August 21, 2017
To understand how Christian ideology got to this point you need to go back thousands of years, to the dawn of agriculture in Mesopotamia. The region's light soil meant you only needed two oxen to plow. But as the practice of farming trickled west to the people of Northern Europe, four times as much power was needed to dig into the wetter earth. Because no subsistence-farming peasants owned more than a couple animals apiece, early Christians pooled resources and developed a process of plowing that violently dragged a vertical knife and a moldboard through the mud using eight animals.
Basically, that's when much of the world went from thinking that we needed to get permission from a tree's guardian spirit if we wanted to cut it down to the belief that everything on earth was there for humans to use as they saw fit.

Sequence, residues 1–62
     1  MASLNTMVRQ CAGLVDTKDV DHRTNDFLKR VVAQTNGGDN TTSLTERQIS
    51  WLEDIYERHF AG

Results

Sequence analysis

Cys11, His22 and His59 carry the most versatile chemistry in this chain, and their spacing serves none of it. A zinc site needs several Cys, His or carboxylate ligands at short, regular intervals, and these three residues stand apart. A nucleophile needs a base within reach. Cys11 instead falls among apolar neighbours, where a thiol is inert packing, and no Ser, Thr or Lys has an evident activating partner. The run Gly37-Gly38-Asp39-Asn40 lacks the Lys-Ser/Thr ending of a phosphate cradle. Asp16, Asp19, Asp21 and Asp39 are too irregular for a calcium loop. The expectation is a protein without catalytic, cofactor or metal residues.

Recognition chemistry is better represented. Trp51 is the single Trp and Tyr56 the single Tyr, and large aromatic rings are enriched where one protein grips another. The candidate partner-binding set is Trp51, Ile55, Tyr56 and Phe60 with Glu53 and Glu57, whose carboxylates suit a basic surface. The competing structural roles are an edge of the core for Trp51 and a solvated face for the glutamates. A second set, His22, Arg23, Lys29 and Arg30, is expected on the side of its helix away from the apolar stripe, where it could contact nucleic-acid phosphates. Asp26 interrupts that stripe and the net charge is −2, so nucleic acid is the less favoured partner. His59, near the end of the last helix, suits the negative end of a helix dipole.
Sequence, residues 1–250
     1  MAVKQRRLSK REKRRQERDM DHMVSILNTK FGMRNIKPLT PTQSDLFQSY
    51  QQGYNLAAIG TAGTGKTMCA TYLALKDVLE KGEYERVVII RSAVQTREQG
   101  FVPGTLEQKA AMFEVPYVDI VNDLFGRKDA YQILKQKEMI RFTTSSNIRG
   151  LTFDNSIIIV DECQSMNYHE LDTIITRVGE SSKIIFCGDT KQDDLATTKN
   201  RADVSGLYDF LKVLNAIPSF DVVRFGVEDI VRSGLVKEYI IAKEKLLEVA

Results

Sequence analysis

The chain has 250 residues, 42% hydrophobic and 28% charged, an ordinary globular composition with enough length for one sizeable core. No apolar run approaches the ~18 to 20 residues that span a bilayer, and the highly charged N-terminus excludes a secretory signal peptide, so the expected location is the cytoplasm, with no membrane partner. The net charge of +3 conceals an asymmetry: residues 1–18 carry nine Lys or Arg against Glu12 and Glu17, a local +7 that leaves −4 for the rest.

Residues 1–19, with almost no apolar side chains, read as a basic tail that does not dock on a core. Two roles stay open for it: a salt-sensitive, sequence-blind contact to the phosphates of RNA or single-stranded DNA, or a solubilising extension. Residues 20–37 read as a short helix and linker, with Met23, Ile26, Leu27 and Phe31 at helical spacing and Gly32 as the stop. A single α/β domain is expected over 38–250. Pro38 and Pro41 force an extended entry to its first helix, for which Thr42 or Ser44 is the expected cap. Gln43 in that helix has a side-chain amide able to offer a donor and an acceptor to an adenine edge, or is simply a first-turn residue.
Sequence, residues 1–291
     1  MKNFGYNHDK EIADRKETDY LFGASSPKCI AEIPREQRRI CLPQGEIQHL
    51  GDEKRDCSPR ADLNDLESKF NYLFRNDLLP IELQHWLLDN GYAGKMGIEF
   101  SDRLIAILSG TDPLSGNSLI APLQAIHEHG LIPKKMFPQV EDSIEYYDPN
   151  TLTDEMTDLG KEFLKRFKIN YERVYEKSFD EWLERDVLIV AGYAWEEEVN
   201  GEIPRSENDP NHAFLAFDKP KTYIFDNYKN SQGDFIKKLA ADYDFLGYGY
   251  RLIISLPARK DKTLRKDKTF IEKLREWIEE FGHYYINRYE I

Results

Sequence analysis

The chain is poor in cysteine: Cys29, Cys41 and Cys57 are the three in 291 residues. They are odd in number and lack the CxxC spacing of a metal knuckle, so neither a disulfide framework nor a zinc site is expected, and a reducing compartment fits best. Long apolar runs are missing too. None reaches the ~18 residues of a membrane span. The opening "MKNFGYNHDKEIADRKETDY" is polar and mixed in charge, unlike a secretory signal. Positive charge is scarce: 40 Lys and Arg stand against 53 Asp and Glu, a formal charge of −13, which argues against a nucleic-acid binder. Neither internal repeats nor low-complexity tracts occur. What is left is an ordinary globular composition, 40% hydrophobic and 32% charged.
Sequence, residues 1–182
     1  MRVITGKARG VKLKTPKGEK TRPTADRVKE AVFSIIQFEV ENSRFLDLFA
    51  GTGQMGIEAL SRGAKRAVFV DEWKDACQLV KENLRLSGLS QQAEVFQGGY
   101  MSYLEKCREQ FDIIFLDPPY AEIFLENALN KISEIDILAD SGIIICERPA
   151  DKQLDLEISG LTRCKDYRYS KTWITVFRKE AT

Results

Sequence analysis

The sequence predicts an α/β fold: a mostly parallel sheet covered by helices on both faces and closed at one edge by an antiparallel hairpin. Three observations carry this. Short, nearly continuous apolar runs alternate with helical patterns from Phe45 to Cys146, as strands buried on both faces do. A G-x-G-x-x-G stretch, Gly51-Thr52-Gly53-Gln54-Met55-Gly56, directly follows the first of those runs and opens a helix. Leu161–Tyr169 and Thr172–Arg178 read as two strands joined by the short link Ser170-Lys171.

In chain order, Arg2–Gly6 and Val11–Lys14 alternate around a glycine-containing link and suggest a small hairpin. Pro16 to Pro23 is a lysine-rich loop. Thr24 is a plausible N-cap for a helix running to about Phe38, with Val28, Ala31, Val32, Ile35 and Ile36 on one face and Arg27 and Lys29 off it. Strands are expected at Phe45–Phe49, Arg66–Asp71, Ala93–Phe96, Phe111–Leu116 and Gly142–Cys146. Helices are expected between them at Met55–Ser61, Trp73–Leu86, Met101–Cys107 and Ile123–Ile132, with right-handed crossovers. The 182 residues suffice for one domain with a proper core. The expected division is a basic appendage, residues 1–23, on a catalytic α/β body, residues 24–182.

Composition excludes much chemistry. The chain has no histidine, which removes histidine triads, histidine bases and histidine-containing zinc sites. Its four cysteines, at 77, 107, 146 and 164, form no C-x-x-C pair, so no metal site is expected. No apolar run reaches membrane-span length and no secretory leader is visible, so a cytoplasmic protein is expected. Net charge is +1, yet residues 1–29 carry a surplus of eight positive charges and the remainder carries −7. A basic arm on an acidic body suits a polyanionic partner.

n 1968, Paul R. Ehrlich wrote a book with his wife Anne called The Population Bomb. The speculative tome argued that we needed to do whatever was necessary to reduce the number of human beings on earth in order to save it—including promote contraception and allow abortion. According to Mark Stoll, a professor of environmental history at Texas Tech University and the author of Inherit the Holy Mountain: Religion and the Rise of Environmentalism, the publication of Bomb was the beginning of a decades-long battle between evangelical Christians and liberals.
Read the story here.